Stream finding by the anadromous sea lamprey is mediated by a pheromone released by stream-resident larvae which functions as an instinctively recognized indicator of habitat suitability. This cue is comprised of multiple components including the bile acid, petromyzonol sulfate, and at least one other as yet unidentified compound with a molecular weight of 704 daltons. These compounds are detected at picomolar concentrations and are released in large quantities; laboratory experiments demonstrate that each stream-resident larva activates at least 400L of water an hour. The actions of this pheromone are synergized by other compounds found in natural stream waters. Field studies demonstrate that the migratory pheromone plays a key role determining adult lamprey distribution in the Great Lakes. The cue does not appear to be species-specific or specialized, but rather a composite of biologically-relevant compounds that migratory adults have evolved the ability to recognize.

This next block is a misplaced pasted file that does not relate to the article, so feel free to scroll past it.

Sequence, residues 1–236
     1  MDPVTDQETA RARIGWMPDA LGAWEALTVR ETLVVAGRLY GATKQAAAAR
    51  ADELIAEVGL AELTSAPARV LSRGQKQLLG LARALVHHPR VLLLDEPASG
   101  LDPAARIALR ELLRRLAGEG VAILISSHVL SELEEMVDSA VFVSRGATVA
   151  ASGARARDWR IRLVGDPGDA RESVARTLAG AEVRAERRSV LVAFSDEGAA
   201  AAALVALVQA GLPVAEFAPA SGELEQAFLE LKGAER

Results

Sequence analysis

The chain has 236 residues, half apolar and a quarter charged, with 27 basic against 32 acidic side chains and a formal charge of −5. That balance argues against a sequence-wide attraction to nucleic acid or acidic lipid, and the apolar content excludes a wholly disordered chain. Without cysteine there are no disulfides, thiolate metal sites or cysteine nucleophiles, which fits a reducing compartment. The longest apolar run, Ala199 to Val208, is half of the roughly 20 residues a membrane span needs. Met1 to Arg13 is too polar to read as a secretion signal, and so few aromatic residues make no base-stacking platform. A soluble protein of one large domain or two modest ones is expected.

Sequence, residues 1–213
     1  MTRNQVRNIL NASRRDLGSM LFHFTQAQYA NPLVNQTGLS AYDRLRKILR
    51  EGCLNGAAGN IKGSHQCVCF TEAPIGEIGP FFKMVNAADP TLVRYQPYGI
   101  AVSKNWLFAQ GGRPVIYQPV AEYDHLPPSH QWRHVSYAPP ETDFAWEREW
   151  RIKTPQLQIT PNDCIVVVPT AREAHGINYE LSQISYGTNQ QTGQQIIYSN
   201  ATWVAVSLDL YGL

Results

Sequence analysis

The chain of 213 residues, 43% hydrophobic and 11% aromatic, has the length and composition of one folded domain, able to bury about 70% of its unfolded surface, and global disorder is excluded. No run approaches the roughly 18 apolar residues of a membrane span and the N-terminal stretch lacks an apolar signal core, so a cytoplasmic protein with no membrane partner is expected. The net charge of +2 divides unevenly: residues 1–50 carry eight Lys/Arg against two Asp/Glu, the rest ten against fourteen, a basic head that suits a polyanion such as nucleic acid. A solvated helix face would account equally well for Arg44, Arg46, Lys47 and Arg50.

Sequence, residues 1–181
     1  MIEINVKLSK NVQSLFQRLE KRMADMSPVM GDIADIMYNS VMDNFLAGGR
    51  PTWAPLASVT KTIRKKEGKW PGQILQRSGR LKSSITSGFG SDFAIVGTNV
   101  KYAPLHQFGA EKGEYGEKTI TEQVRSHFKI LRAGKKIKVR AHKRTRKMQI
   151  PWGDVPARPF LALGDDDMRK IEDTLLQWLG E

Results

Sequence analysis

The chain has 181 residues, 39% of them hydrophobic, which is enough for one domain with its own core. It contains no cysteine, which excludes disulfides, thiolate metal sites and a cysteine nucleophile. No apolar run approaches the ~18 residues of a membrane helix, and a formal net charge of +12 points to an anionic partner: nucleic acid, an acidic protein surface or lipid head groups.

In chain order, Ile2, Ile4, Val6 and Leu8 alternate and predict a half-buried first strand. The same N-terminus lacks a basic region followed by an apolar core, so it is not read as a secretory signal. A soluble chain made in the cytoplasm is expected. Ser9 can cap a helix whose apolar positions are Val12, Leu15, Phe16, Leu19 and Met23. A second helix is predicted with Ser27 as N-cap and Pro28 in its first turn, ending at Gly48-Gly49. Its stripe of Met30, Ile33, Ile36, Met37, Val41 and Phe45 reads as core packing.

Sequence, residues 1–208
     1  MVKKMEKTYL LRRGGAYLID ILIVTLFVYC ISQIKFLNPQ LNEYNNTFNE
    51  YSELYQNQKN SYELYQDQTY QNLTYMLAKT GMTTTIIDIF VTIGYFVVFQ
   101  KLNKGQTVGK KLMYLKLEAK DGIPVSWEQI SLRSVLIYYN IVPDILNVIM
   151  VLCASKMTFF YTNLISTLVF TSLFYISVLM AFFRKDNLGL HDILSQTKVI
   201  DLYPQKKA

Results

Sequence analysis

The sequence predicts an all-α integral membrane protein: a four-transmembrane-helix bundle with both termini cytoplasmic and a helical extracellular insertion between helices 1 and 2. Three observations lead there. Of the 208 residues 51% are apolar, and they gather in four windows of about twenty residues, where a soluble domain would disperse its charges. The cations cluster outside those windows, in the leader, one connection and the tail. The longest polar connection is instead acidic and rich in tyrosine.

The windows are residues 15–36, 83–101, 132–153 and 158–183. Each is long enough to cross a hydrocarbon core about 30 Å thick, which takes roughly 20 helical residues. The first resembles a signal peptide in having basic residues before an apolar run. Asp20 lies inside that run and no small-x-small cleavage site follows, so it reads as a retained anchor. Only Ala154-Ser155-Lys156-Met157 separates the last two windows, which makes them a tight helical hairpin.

|Original language||English (US)|
|Number of pages||5|
|Journal||Fish Physiology and Biochemistry|
|State||Published - Dec 1 2003|
- Bile acid